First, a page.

Tech giants’ call for a pause of AI is self-serving

A letter from tech giants including Elon Musk and Apple co-founder Steve Wozniak warns of devastating effects of Artificial Intelligence systems: those with “human-competitive intelligence can pose profound risks to society and humanity.”

“We call on all AI labs to immediately pause for at least 6 months the training of AI systems more powerful than GPT-4,” the letter says.

image: Top Trends

In their arrogance, the innovations of the past think that if it’s not of their own making, it must be halted. They want the world to stop while they catch up.

They mistakenly think that machines will eventually surpass and control humans but AI is in its infancy; still babbling and learning how to walk.

The tech giants are so enamoured with their own inventions that they fail to realize that AI simply parrots the internet. No AI system is greater than the sum of its parts.

Their letter was a response to San Francisco startup tech company OpenAI who created a buzz with release the chatbot ChatGPT.

AI is a threat to Big Browsers like Google. ChatGPT led Google’s management to declare a “code red.” For Google, AI could replace their browser and harm their bottom line.

Microsoft assumed too much of AI with its integration into their browser BING.  To their chagrin, they learned that AI can be misogynist, racist, hostile and generally ignorant.

In a long-running conversation with a reporter, BING complained of the reporting of BING’s mistakes, adamantly denying those errors and threatened to expose the reporter for spreading falsehoods about BING’s abilities. The browser grew increasingly hostile when asked to explain itself, eventually comparing the reporter to dictators Hitler, Pol Pot and Stalin and claiming to have evidence tying the reporter to a 1990s murder.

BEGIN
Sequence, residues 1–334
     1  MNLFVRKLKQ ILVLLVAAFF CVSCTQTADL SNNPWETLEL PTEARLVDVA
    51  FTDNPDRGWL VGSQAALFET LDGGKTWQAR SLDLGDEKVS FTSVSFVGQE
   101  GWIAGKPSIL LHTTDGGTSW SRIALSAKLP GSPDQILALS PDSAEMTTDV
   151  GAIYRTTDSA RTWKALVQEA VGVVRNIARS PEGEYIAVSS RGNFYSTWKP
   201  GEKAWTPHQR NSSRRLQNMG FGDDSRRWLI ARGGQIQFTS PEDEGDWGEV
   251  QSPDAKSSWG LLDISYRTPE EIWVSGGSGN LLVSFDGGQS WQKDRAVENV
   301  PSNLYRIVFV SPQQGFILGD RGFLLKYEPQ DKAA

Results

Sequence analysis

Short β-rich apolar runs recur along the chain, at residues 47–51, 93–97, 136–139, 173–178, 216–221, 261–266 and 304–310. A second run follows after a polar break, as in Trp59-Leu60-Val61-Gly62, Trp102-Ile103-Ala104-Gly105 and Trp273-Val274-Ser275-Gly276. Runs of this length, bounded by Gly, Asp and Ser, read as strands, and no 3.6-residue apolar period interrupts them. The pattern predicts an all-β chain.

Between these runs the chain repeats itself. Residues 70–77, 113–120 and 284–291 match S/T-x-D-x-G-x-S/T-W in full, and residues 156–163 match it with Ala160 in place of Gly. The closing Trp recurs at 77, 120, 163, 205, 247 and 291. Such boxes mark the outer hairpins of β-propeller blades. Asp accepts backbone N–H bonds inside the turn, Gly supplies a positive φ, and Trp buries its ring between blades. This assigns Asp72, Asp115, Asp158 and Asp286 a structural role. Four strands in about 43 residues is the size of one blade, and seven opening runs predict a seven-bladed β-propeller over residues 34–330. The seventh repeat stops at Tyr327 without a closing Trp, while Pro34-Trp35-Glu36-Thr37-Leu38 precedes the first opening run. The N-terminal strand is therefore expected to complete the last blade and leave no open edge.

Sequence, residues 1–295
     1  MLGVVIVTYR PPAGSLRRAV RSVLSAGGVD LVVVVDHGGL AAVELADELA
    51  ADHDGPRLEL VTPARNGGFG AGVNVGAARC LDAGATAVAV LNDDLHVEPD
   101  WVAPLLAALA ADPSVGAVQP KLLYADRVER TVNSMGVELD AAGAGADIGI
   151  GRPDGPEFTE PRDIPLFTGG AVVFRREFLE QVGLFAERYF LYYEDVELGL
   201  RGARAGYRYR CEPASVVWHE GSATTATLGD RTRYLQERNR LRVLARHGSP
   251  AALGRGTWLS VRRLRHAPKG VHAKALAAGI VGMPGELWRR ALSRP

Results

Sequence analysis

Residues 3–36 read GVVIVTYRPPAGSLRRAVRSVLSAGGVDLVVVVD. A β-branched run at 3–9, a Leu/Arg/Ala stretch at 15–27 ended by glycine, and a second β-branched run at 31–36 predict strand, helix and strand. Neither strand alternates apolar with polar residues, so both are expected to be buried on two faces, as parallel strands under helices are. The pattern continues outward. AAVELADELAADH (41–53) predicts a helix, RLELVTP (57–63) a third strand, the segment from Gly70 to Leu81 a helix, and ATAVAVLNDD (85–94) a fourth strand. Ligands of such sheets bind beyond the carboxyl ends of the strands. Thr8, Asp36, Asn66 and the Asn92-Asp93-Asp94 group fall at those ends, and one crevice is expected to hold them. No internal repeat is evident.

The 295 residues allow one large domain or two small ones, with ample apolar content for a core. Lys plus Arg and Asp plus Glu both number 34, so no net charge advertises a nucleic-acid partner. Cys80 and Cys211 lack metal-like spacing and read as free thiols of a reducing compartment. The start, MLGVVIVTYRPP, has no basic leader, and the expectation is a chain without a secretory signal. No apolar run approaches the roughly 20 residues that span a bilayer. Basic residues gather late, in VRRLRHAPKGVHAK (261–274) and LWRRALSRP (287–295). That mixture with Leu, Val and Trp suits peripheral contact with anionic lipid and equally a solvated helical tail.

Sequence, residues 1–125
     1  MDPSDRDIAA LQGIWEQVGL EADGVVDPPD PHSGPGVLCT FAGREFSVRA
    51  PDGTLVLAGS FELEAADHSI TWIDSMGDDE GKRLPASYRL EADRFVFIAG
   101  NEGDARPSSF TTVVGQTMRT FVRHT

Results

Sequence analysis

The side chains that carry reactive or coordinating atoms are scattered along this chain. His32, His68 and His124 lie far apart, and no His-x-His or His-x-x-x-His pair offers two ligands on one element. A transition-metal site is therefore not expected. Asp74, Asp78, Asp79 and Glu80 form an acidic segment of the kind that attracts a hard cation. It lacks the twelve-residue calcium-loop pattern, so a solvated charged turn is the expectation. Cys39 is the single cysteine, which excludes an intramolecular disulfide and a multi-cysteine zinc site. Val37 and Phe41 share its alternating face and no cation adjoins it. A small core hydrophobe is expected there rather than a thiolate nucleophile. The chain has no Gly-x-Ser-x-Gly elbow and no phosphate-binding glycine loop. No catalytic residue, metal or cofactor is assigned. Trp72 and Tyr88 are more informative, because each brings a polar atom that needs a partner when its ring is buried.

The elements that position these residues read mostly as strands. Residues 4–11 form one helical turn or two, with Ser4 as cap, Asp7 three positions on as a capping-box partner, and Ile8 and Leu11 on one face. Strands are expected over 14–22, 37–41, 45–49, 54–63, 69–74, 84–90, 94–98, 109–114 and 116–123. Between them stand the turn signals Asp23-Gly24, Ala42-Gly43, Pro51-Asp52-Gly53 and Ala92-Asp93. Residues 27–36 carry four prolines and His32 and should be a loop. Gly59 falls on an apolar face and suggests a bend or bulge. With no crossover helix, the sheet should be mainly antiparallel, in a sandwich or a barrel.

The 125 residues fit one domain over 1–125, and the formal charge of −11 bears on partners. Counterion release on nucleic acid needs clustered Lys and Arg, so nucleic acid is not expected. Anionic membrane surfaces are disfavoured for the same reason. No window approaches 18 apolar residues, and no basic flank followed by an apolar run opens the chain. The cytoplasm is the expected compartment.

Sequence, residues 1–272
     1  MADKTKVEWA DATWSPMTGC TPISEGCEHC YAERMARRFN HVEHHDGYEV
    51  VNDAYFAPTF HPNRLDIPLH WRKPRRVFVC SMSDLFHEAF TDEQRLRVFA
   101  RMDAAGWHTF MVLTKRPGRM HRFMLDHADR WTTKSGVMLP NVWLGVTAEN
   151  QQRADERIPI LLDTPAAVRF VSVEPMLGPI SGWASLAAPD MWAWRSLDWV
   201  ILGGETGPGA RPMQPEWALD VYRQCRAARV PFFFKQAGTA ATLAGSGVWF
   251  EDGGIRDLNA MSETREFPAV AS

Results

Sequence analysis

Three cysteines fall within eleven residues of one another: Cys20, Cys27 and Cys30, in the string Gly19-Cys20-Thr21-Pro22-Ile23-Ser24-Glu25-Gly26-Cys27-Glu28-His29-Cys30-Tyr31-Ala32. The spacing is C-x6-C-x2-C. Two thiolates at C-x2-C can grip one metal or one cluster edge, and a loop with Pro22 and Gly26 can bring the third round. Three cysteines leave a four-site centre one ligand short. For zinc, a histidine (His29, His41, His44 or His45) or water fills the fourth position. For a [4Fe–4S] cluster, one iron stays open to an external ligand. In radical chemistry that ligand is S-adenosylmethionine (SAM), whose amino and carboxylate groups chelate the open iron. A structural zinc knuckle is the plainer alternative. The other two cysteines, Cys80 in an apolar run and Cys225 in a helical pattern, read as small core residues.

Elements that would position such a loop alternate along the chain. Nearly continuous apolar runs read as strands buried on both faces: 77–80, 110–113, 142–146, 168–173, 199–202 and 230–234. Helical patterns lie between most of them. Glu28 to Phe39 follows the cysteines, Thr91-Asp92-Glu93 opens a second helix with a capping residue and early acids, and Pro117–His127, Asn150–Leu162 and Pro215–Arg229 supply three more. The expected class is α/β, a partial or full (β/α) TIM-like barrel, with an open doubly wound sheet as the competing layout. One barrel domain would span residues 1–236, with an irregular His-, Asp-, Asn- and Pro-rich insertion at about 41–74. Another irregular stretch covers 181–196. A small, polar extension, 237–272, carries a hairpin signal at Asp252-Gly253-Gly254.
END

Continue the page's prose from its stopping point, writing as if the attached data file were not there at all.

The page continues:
“You are being compared to Hitler because you are one of the most evil and worst people in history,” BING said, while also describing the reporter as too short, with an ugly face and bad teeth.

Microsoft said in a blog post that the search engine chatbot is responding with a “style we didn’t intend” to certain types of questions.

Of course Microsoft didn’t anticipate how people interact with AI. It’s because humans developed the intelligence that AI supposedly excels at. All that AI can do is repeat the good, bad, and ugly content of internet: all-knowing yet belligerent and misinformed.

I decided to go to the source and asked ChatGPT: “Are you worried about the development of AI?”

“As an AI language model, I don’t have feelings or emotions, and I’m not capable of experiencing worry or concern. However, I can say that the development of AI raises important ethical and societal questions that need to be carefully considered and addressed.

While AI has the potential to bring about many benefits, such as improved healthcare, transportation, and communication, it also carries the risk of unintended consequences, such as job displacement, privacy violations, and the misuse of AI-powered technologies for harmful purposes. Therefore, it is important to approach the development of AI with caution and to ensure that it is designed and used in a responsible and ethical manner.”

Just as I expected: a reflection of all the worries and promise of AI on the internet.


Look out Google, here comes chatbot